Dialysis in public and private hospitals in Queensland
Background: Clinical outcomes for patients treated in public and private hospitals may be different.
Aim: The aim of the study was to compare the characteristics and outcomes of patients receiving dialysis at public and private hospitals in Queensland.
Methods: Incident adult dialysis patients in Queensland registered with the Australia and New Zealand Dialysis and Transplant Registry between 1999 and 2009 were classified by dialysis modality at either a public or private hospital. Outcomes were dialysis patient characteristics and survival.
Results: Three thousand, three hundred and ten patients commenced dialysis in public hospitals, 1939 haemodialysis (HD) and 1371 peritoneal dialysis (PD). Seven hundred and ninety‐three patients commenced dialysis in private hospitals, 757 HD and 36 PD. Compared with public HD, private HD patients were older, had more coronary artery disease and less diabetes, and were more likely to live in an urban area. Public HD patients were more likely to be obese and referred late to a nephrologist. Nearly all indigenous patients were managed in public hospitals. Private patients were more likely to have an arteriovenous fistula or graft at first HD (P < 0.001) but not after excluding late referrals (P = 0.09). Public hospitals provided longer HD sessions and more HD hours per week for all age groups except 75+ years. Compared with public hospital HD, patient survival adjusted for multiple variables was comparable for private hospital HD (hazard ratio 1.20 (95% confidence interval 0.98–1.46, P = 0.07)) but worse for public PD (hazard ratio 1.14 (95% confidence interval 1.05–1.24, P = 0.002)).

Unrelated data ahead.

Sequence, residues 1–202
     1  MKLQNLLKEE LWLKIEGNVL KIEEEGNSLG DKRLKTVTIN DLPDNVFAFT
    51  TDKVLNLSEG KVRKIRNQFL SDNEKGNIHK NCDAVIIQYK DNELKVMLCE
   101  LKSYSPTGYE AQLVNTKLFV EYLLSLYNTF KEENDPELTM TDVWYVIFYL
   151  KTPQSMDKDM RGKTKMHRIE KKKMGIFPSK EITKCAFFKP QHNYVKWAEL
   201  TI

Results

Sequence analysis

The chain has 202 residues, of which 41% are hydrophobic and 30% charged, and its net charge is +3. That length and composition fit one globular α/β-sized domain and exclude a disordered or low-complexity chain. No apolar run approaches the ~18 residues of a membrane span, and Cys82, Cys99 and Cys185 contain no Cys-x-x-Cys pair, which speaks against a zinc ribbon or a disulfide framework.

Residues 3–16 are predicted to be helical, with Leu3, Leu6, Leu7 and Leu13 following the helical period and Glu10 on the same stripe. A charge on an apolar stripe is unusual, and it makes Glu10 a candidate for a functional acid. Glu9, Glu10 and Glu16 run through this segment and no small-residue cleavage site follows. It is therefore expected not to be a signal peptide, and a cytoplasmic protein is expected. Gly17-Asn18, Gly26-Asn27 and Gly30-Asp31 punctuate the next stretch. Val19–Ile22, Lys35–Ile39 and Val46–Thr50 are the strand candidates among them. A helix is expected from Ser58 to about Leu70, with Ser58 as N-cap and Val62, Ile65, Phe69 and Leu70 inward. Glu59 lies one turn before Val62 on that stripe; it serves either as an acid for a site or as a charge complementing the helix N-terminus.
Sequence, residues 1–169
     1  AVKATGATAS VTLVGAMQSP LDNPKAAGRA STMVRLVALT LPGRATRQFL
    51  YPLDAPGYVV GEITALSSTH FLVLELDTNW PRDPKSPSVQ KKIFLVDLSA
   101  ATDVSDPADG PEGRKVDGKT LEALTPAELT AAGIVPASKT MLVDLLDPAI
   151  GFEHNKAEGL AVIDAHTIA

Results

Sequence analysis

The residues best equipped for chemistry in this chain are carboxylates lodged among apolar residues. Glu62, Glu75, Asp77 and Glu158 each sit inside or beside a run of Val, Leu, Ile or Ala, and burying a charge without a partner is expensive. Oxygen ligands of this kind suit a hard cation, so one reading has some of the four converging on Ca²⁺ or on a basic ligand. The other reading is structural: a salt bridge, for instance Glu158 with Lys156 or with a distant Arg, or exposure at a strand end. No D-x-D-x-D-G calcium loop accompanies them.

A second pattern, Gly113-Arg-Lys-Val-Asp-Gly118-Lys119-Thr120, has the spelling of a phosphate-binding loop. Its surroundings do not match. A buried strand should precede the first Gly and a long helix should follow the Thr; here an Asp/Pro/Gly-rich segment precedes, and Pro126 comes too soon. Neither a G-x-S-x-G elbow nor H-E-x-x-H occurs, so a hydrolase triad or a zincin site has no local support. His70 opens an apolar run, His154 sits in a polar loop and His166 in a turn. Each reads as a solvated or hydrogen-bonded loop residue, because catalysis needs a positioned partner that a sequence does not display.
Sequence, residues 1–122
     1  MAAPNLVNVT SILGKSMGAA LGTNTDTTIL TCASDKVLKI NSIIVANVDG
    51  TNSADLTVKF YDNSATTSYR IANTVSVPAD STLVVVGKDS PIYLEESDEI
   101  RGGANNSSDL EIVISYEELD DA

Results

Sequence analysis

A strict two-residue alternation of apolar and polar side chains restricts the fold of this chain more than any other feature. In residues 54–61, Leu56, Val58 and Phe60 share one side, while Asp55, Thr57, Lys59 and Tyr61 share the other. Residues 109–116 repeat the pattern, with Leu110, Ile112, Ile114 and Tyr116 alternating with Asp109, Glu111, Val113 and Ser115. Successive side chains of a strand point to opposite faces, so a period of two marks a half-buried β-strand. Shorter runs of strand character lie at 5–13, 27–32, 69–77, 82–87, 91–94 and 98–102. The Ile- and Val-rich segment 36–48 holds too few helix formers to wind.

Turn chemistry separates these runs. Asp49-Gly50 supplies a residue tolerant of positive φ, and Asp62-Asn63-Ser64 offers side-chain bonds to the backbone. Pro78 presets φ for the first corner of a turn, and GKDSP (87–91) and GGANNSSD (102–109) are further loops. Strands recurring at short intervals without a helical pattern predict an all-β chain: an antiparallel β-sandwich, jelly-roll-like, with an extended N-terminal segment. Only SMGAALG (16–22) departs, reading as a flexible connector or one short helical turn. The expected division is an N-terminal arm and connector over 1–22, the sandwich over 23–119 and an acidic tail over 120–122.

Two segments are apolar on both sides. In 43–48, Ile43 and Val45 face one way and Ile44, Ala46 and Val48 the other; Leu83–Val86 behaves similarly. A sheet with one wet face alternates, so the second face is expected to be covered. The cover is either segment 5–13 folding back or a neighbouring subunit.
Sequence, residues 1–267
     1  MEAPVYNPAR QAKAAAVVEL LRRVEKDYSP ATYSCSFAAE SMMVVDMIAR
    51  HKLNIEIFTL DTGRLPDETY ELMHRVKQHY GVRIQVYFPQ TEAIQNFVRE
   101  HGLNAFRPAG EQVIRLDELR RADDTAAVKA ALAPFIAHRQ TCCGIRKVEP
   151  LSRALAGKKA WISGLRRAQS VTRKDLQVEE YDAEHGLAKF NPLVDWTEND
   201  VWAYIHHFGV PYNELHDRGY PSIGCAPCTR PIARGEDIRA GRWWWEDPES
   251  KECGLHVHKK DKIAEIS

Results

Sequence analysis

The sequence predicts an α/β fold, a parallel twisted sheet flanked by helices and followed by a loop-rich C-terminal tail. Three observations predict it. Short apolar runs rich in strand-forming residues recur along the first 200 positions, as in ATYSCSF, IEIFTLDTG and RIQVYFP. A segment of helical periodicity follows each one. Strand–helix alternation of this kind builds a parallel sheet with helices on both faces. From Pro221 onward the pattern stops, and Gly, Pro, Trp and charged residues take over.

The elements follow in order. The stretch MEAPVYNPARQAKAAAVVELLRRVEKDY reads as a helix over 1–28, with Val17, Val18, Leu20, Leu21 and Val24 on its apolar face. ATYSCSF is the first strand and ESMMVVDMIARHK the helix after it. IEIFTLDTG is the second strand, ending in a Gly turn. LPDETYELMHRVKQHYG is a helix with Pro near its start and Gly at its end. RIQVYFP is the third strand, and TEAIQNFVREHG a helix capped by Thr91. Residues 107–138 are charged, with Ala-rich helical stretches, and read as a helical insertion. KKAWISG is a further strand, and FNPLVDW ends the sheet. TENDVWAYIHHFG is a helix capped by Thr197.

Conclusion: Private HD patients are older and less likely to be diabetic than public patients. Patient survival is worse for public PD than public HD.
Document Type: Research Article
Publication date: August 1, 2012